Auckland, California – Sandy Carter, who was vice president of Amazon’s cloud computing division this month, announced in a LinkedIn post that he will be joining a crypto technology company. He added a link to the open positions at the beginning.
Within two days, he said, more than 350 people – many from the largest Internet companies – clicked on the link to apply for jobs at the non-stop domain company. The start-up sells web addresses sitting on the blockchain, which is a distributed ledger system that supports cryptocurrencies.
“It’s the right storm,” Ms Carter said. “The speed we see in this place is incredible.”
Ms Carter is part of a wave of executives and engineers leaving soft jobs at Google, Amazon, Apple and other major technology companies – some of whom pay millions of dollars in annual compensation – that they chase after seeing once. – Generation opportunity. The next big thing is crypto, a cache position that includes digital currencies such as Bitcoin and products such as blockchain-dependent non-funky tokens or NFTs.
Silicon Valley is now littered with stories of humans riding ridiculous crypto investments like tokain, a digital coin based on a dog monument, to life-changing wealth. Bitcoin has risen about 60 percent this year, while more than five times the value of Ether, the cryptocurrency linked to the Ethereum blockchain.
But beyond that speculation, a team of the best and brightest in the emerging technology industry sees a moment of transformation that comes once every few decades and rewards those who detect seismic change before other parts of the world. With Crypto, they see the historical parallel to how personal computers and the Internet were once ridiculed, elevating the current status quo and creating a new generation of billionaires.
Investors are also heavily concentrated. They have invested more than $ 28 billion in global crypto and blockchain start-ups this year, four times the total in 2020, according to PitchBook, a private investment watchdog. More than $ 3 billion has gone to NFT companies alone.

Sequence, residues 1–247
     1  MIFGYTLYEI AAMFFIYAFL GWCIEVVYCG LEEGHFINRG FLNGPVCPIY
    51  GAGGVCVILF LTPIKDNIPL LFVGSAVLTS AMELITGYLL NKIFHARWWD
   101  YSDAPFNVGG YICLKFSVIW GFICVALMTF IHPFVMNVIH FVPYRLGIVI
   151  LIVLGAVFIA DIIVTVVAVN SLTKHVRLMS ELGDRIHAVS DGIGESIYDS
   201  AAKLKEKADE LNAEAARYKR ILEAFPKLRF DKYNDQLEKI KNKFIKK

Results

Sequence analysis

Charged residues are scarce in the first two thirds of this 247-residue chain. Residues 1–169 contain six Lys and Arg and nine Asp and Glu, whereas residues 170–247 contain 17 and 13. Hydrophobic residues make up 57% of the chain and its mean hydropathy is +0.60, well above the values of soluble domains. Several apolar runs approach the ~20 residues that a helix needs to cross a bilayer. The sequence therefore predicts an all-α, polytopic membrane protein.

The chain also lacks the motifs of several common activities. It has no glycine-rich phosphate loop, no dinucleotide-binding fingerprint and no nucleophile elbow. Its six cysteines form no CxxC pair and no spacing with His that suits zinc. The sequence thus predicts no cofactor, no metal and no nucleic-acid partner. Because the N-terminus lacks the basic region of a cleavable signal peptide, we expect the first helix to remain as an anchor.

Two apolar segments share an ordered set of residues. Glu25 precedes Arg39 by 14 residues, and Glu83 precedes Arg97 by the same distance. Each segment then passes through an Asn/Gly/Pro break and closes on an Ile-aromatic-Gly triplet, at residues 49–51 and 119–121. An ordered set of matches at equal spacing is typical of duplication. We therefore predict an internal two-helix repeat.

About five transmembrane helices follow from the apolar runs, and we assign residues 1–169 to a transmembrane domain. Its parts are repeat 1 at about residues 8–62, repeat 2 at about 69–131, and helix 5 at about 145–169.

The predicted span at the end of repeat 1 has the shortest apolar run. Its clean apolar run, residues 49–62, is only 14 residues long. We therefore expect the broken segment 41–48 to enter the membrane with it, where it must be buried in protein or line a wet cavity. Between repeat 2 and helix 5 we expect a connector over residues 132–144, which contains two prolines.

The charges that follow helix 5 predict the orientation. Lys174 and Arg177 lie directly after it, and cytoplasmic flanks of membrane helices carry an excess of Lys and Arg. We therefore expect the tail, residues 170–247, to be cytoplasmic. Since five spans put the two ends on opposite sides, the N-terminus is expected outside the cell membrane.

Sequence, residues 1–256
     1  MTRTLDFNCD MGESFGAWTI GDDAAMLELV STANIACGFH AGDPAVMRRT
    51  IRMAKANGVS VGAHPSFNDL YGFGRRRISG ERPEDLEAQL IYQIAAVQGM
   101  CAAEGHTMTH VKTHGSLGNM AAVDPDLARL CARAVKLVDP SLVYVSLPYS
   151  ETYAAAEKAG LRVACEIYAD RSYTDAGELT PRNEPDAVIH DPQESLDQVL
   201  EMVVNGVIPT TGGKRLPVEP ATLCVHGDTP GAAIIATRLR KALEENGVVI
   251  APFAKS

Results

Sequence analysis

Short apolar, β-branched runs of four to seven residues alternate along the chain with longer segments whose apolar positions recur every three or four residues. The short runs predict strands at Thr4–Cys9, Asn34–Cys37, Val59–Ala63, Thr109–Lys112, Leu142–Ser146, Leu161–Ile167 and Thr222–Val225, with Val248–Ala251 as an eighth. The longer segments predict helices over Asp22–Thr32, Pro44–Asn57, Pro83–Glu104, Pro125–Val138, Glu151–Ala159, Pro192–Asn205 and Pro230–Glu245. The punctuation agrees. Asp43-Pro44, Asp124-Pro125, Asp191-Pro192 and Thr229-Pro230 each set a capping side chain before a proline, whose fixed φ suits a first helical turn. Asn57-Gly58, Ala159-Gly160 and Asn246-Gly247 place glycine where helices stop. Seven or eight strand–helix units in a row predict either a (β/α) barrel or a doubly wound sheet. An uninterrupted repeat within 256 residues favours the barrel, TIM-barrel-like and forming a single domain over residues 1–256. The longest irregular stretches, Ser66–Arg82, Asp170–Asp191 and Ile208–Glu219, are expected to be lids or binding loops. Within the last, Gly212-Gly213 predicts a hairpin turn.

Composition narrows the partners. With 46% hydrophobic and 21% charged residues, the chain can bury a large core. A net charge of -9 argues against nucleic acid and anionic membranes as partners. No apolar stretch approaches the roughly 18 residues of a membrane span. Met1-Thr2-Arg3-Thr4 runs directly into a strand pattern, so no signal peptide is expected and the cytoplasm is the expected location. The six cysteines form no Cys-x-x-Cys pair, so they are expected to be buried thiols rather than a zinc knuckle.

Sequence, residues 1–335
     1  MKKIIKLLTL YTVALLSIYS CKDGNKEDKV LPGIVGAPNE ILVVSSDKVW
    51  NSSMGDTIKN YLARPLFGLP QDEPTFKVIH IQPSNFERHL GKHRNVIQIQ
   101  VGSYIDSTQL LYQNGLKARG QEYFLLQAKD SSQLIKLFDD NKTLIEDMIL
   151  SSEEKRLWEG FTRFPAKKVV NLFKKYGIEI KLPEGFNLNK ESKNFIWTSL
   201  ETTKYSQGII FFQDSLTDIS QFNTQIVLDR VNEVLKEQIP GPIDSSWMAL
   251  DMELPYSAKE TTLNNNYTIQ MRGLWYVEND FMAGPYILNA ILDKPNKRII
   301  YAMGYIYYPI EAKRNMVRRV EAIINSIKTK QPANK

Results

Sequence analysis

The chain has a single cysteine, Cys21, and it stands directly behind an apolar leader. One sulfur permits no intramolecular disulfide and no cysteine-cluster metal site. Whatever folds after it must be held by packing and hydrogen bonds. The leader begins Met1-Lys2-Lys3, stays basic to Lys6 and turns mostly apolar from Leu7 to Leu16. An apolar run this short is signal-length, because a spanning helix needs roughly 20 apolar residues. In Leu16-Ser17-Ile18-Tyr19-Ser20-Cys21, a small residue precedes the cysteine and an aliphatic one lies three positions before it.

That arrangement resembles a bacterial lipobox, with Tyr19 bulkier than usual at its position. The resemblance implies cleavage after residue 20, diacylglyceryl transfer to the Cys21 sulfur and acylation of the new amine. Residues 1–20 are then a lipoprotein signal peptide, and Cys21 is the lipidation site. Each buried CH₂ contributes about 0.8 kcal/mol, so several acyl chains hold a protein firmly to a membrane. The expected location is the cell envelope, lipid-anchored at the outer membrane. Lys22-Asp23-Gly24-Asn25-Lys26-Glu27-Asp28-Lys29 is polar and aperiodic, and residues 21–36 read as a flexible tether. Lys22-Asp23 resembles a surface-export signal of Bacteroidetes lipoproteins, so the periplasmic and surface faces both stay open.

Sreedhar Ramaswamy, CEO of search engine start-up Niva and former Google executive, competes with cryptocurrencies for talent, saying “a great sucking sound is coming from crypto.” “It’s like the birth of the 1990s and the Internet. It’s so fast, confusing and full of opportunities.
Crypto, renamed the Less Forecast Web 3, is said by skeptics to be no different from past speculation bubbles such as subprime mortgages or the 17th-century tulip craze. They said most of the mania is driven by the desire to get rich quick by trading an asset class that often appears to be based on internet jokes.
But growing teams of true believers claim that the crypto world can be changed by creating a decentralized Internet that is not controlled by a few companies. Despite such possibilities since the emergence of Bitcoin in 2009, crypto products such as NFTs only came into the mainstream this year. This has accelerated the exit of big tech companies into the crypto world.
Earlier this month, Brian Roberts, Lift’s chief financial officer, left Wright-Hailing to join popular crypto start-up OpenSea. “When something so big emerges, I have seen enough cycles and paradigm shifts,” he said in an email. “We are day 1 in terms of NFTs and their impact.”
(John Zimmer, co-founder of Lift, congratulates Mr. Roberts on his new venture.)
Last month, Jack Dorsey resigned as CEO of Twitter to spend more time on cryptocurrency and web3 efforts at his other company, Square. Approving the blockchain, Mr. Dorsey Square was also renamed Black. He underlined the transformation by converting photo portraits of Black executives into black-headed avatars, and created a software tool for others to create their own black-head avatars.
David Marcus, head of cryptocurrency initiatives at Facebook’s parent company Meta, has announced that he will be leaving by the end of this year to follow his “entrepreneurial DNA”. Mr. Marcus, 48, plans to work on his own cryptocurrency program, two people who know about his plans said.